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December 16, 1945 - Image 3

Resource type:
Text
Publication:
The Michigan Daily, 1945-12-16

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SUNDAY, DECEMBER 16, 1945

THE MICHTGAN T) Tfi."

.T.T-. .E MTaCVTT a2 vn L1'1 1 L

NEURON RADIATION:
'U' Research on Cyclotron's Aid
Against Cancer Is Resumed

I~iUiversity URadio Programn

Medical research to determine the
cyclotron's value as an aid in fighting
cancer can now be resumed after be-
ing set back several years because of
the production of the atomic bomb,
according to Dr. Fred J. Hodges,
chairman of the Department of
Roentgenology at the medical sschool.
Dr. Hodges emphasized that al-
though the University has been in-
terested and active in this field of
research since 1935, the rapid im-
provements in cyclotrons will make
it necessary to obtain new equipment
to continue the study. His experi-
ments at the University were ' con-
ducted with the aid of Dr. Isadore
Lampe, associate professor of roent-
genology.
May Replace X-ray Treatment
Through research conducted at the
University and also at the Crocker
Radiation Laboratory of the Uni-
versity of California, Dr. Hodges has-
established the fact that the beam-
of neurons poured forth from a
cyclotron during the process of "atom
smashing" is capable of performing
differently from the radiation pro'-
duced by X-rays.
Whether neuron radiation will do
a better job of combatting cancer
1,7

than is now possible with X-rays is
the next important task to be under-
taken and it will require a long pe-
riod of research, Dr. Hodges asserts.
For comparison, the Cancer Commit-
tee of the University has kept care-
ful records for the last eleven years
covering 12,000 cancer patients.
Possible as Tracers
Dr. Hodges states that the cyclo-
tron has opened other possibilities.
Substances made radioactive by the
cyclotron may be used as tracers to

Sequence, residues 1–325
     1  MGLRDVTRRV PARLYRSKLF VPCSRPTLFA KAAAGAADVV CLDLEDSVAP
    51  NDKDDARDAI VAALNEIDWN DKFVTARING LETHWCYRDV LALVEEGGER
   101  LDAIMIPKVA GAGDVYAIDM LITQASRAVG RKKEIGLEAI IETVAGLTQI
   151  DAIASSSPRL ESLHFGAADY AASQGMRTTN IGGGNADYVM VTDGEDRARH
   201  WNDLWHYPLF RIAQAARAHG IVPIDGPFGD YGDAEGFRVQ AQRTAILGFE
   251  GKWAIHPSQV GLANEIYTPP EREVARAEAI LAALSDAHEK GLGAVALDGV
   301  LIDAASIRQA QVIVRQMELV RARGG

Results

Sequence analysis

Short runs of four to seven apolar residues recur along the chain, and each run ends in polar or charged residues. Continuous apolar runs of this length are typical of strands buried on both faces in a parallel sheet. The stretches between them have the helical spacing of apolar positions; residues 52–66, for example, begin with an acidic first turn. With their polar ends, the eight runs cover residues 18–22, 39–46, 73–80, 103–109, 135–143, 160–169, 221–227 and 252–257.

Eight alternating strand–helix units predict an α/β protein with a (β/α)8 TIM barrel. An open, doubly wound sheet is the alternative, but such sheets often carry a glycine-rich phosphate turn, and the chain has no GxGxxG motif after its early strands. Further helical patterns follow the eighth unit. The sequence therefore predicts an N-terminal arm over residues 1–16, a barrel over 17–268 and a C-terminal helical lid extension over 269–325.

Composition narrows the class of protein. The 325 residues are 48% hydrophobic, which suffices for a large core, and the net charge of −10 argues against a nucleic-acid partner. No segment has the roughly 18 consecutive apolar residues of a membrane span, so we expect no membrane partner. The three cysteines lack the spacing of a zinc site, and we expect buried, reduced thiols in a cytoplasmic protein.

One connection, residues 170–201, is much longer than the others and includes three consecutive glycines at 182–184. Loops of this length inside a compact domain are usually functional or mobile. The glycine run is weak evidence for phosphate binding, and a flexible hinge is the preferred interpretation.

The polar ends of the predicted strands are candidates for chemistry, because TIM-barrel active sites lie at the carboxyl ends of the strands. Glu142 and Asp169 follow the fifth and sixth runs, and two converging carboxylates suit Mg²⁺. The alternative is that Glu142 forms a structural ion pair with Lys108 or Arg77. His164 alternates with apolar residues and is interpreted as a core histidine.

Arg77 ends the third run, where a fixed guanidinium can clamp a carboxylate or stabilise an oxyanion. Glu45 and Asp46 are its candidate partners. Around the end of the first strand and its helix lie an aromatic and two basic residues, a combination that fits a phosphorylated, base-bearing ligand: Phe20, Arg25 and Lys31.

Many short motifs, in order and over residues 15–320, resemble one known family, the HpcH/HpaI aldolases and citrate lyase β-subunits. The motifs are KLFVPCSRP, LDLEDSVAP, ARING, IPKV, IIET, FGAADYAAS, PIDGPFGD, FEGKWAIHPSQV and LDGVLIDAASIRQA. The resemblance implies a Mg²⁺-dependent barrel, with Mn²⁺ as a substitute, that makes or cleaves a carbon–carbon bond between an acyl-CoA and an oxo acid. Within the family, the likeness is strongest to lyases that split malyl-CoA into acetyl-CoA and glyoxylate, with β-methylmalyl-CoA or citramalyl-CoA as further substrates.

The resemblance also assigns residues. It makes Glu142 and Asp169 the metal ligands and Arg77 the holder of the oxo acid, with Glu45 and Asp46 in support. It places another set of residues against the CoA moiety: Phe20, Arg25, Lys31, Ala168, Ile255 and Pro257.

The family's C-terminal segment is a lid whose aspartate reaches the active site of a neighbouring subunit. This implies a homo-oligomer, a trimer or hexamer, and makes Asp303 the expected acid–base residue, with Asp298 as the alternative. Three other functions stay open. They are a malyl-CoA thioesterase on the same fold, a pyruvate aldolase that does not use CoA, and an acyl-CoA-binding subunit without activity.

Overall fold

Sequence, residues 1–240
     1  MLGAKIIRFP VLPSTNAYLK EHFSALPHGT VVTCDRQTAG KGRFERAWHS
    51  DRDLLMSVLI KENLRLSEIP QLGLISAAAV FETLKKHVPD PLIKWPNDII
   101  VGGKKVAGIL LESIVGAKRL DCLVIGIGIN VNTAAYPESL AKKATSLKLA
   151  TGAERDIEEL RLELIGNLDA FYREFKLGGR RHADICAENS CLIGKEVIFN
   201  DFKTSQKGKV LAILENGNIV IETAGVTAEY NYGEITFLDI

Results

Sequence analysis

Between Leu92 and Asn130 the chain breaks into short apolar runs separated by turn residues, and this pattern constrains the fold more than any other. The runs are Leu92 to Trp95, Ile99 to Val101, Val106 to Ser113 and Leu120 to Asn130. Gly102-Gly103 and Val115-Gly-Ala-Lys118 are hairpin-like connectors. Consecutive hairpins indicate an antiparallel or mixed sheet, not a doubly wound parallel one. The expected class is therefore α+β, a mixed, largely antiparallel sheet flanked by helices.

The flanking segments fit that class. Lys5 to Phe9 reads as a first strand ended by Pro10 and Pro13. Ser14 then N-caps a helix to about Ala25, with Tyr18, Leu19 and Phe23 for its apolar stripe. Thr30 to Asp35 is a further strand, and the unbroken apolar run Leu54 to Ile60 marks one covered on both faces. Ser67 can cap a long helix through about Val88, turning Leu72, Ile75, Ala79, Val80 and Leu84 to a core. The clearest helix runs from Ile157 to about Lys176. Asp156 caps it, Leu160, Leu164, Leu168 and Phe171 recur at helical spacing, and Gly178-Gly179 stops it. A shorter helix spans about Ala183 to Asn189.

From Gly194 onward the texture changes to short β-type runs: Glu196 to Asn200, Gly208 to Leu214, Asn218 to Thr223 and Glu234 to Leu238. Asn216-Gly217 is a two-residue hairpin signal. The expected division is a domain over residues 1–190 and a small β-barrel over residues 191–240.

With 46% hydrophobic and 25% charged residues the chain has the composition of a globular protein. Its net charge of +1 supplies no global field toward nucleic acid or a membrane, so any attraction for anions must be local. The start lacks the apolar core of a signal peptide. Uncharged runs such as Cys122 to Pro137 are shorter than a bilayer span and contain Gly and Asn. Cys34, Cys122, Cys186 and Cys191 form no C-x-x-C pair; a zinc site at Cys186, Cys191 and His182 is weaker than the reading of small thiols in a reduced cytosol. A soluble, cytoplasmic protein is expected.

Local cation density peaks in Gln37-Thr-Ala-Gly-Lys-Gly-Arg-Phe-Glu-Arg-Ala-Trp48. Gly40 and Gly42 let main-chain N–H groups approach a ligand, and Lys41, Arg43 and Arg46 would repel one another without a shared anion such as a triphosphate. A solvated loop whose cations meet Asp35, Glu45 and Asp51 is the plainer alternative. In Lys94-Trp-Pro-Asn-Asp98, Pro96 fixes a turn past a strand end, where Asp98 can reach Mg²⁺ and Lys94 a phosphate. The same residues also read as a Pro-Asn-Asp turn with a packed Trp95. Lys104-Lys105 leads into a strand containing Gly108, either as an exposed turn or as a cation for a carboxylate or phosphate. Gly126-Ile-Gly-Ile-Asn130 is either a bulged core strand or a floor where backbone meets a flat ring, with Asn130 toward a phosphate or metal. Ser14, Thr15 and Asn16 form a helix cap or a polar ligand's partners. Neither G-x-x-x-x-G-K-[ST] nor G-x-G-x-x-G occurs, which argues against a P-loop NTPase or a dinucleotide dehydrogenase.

study the behavior of many sub-
stances within the body. A delicate
instrument permits detection of the
areas where the substance has
lodged..
Such substances as iodine, phos-
phorus, and strontium, when given
internally to a patient have been
found to collect on certain tissues of
the body, sometimes showing an even
greater affinity if such tissues are
diseased. The possibilities of using
such radio-active -substances to pro-
duce internal radiation, similar to
that induced by radium, on specifi-
cally diseased tissues, Dr. Hodges,
stated, offers enticing prospects after
additional research has confirmed
the potentialities.

The University Broadcasting Service will broadcast the following
programs for the week of Dec. 17 to Dec. 24.
MONDAY:
Station WKAR
2:30 p.m. Uof M STUDE:NTS QUIZ THEIR PROFESSORS OF
EDUCATION
"The Use of sual Auditory Aids in High School"
Dr. F. D. Melsk, VisIing professor in Education
2:45 p.m. SCIENCE SEi1ES
"Post War Housing"
G. B. Brigham, Associate Professor of Architecture
Station WPAG
3:15 p.m. CAMPUS N7WS
Prepared by Clelaid Wylie of the University News Service
and presented by students enrolled in broadcasting classes:
Max Crosman from Fayetteville, North Carolina
John Fletcher from Chelsea, Michigan
Allyce -Wishnevsky from Trenton, New Jersey
TUESDAY:
Station WPAG
3:15 p.m. THE ORIGINAL DRAMA
"The Red Hat" by Armida Koivisto
Enacted by students enrolled in broadcasting classes.
Directed by Professor David Owen.
WEDNESDAY:
Station WKAR
2:15 p.m. SCHOOL OF BUSINESS ADMINISTRATION SERIES